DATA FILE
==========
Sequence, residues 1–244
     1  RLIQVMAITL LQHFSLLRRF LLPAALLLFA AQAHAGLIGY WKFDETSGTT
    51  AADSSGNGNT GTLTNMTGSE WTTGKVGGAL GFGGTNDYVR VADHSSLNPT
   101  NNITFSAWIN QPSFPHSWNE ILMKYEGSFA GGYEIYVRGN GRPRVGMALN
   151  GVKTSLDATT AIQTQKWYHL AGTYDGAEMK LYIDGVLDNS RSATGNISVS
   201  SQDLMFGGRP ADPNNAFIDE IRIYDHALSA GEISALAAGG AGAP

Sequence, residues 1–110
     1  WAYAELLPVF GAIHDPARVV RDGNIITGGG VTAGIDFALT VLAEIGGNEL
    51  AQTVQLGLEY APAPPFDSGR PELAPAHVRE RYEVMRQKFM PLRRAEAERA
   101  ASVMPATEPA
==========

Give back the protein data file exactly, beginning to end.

Sequence, residues 1–244
     1  RLIQVMAITL LQHFSLLRRF LLPAALLLFA AQAHAGLIGY WKFDETSGTT
    51  AADSSGNGNT GTLTNMTGSE WTTGKVGGAL GFGGTNDYVR VADHSSLNPT
   101  NNITFSAWIN QPSFPHSWNE ILMKYEGSFA GGYEIYVRGN GRPRVGMALN
   151  GVKTSLDATT AIQTQKWYHL AGTYDGAEMK LYIDGVLDNS RSATGNISVS
   201  SQDLMFGGRP ADPNNAFIDE IRIYDHALSA GEISALAAGG AGAP

Sequence, residues 1–110
     1  WAYAELLPVF GAIHDPARVV RDGNIITGGG VTAGIDFALT VLAEIGGNEL
    51  AQTVQLGLEY APAPPFDSGR PELAPAHVRE RYEVMRQKFM PLRRAEAERA
   101  ASVMPATEPA